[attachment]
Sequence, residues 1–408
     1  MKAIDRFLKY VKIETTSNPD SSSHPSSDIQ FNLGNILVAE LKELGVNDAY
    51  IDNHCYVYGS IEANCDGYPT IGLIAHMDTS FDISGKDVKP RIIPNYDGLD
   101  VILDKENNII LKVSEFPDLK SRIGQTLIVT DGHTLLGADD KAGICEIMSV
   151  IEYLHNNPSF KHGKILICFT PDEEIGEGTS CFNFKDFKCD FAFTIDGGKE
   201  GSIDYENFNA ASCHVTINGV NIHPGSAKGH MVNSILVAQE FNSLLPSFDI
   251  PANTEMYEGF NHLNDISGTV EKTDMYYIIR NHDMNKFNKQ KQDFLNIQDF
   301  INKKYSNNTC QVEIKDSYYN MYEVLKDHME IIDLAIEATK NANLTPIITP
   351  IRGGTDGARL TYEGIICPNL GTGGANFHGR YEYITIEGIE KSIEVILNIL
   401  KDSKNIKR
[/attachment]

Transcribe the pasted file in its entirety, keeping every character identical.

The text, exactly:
Sequence, residues 1–408
     1  MKAIDRFLKY VKIETTSNPD SSSHPSSDIQ FNLGNILVAE LKELGVNDAY
    51  IDNHCYVYGS IEANCDGYPT IGLIAHMDTS FDISGKDVKP RIIPNYDGLD
   101  VILDKENNII LKVSEFPDLK SRIGQTLIVT DGHTLLGADD KAGICEIMSV
   151  IEYLHNNPSF KHGKILICFT PDEEIGEGTS CFNFKDFKCD FAFTIDGGKE
   201  GSIDYENFNA ASCHVTINGV NIHPGSAKGH MVNSILVAQE FNSLLPSFDI
   251  PANTEMYEGF NHLNDISGTV EKTDMYYIIR NHDMNKFNKQ KQDFLNIQDF
   301  INKKYSNNTC QVEIKDSYYN MYEVLKDHME IIDLAIEATK NANLTPIITP
   351  IRGGTDGARL TYEGIICPNL GTGGANFHGR YEYITIEGIE KSIEVILNIL
   401  KDSKNIKR